On the day Team Haiti 2018 was due to depart, roadblocks and demonstrations began popping up all over Haiti. The team was due to travel out of Port-au-Prince on an early morning flight. Plan A was for the team to head to the airport with our Haitian transportation company. Unfortunately, that didn’t materialize because their mini-bus was blocked by a demonstration an hour away. Plan B was for Ben and the team to squeeze into our truck and head to the airport. But, as they soon found out, the only road leading to the airport was blocked and impassable. It was safer to return to the Kaliko Mission compound and make new plans. After evaluating the situation based on embassy intel, Haitian newsfeeds, and other missionary updates, it was determined that it was unsafe to try to make it to Port-au-Prince by road that day. The missionaries knew from years of experience that these situations do not often blow over in 24 hours. So the team canceled their early morning flight and had their tickets credited toward future travel. When it was discovered that enough seats were available on a late afternoon flight, it was decided the best course of action would be to try to get the team out that same day. Plan C was put in action. The team was transported by air from a local helipad straight to the international airport. In God’s mercy, they made the flight and did arrive safely in Fort Lauderdale later that evening.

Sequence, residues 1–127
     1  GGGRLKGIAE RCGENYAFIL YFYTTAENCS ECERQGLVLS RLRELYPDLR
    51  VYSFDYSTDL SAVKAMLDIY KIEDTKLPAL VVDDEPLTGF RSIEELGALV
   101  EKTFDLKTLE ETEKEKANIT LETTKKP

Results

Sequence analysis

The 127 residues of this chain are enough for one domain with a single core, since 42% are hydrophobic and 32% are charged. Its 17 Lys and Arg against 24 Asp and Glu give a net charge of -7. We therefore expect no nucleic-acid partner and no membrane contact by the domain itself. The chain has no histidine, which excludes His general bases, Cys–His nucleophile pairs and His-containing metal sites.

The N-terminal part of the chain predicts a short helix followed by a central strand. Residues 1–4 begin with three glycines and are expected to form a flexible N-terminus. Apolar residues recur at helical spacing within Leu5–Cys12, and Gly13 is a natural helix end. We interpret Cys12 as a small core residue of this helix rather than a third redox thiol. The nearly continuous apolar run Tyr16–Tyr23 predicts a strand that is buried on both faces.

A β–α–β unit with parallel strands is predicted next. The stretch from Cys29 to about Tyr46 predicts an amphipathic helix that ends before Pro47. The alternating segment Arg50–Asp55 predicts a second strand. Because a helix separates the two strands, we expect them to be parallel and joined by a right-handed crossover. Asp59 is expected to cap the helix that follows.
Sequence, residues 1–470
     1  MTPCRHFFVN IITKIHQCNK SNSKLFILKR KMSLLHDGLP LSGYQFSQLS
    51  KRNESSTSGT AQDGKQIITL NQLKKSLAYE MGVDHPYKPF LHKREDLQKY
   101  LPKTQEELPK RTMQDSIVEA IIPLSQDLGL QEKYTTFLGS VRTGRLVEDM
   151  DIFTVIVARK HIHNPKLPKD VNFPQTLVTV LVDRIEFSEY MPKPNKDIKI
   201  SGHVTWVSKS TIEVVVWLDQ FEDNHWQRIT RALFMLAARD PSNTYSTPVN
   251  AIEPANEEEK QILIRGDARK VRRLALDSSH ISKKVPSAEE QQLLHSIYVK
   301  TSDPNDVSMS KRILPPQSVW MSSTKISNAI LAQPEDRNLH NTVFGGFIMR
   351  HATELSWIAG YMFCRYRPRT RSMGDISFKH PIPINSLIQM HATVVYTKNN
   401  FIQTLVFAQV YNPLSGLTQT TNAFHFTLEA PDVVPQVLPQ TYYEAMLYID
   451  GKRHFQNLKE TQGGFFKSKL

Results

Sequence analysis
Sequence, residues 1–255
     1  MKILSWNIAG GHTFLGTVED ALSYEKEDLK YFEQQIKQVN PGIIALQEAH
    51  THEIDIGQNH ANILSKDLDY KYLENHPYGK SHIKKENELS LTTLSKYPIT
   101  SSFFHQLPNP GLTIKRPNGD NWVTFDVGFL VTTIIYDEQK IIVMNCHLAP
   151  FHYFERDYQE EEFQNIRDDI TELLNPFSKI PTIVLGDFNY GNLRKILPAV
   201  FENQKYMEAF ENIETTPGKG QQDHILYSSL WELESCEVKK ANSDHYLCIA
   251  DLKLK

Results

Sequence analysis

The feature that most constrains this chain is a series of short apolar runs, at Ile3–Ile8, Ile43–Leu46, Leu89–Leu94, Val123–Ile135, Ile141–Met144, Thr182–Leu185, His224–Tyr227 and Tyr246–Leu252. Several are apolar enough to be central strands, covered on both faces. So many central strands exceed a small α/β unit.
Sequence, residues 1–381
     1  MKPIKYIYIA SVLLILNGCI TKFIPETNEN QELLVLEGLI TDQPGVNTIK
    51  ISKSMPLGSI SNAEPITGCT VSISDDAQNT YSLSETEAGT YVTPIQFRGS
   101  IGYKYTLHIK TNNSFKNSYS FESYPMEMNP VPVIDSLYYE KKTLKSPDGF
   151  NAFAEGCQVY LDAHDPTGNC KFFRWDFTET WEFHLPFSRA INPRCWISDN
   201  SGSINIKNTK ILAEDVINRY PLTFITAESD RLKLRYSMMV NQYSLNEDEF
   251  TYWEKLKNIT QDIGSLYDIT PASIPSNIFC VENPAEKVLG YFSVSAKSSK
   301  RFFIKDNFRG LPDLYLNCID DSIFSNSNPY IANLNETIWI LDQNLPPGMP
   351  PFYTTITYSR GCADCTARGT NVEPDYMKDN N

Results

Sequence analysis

While you prepare for a short-term mission trip, keep these three “BUT”s in mind. Prayerfully ask the Lord to guide the team safely on their trip. Pray for wisdom for the missionaries on the field to accurately evaluate the security climate in the country. Pray for team members to prepare medically for the trip based on what the missionaries and the Center for Disease Control require for that country. Pray for grace and strength to be flexible and trust God when the unexpected does happen. Enjoy yourself and may these and other “BUT”s be non-existent on your missions trip.

Visit www.opcstm.org to learn more about short-term missions in the OPC!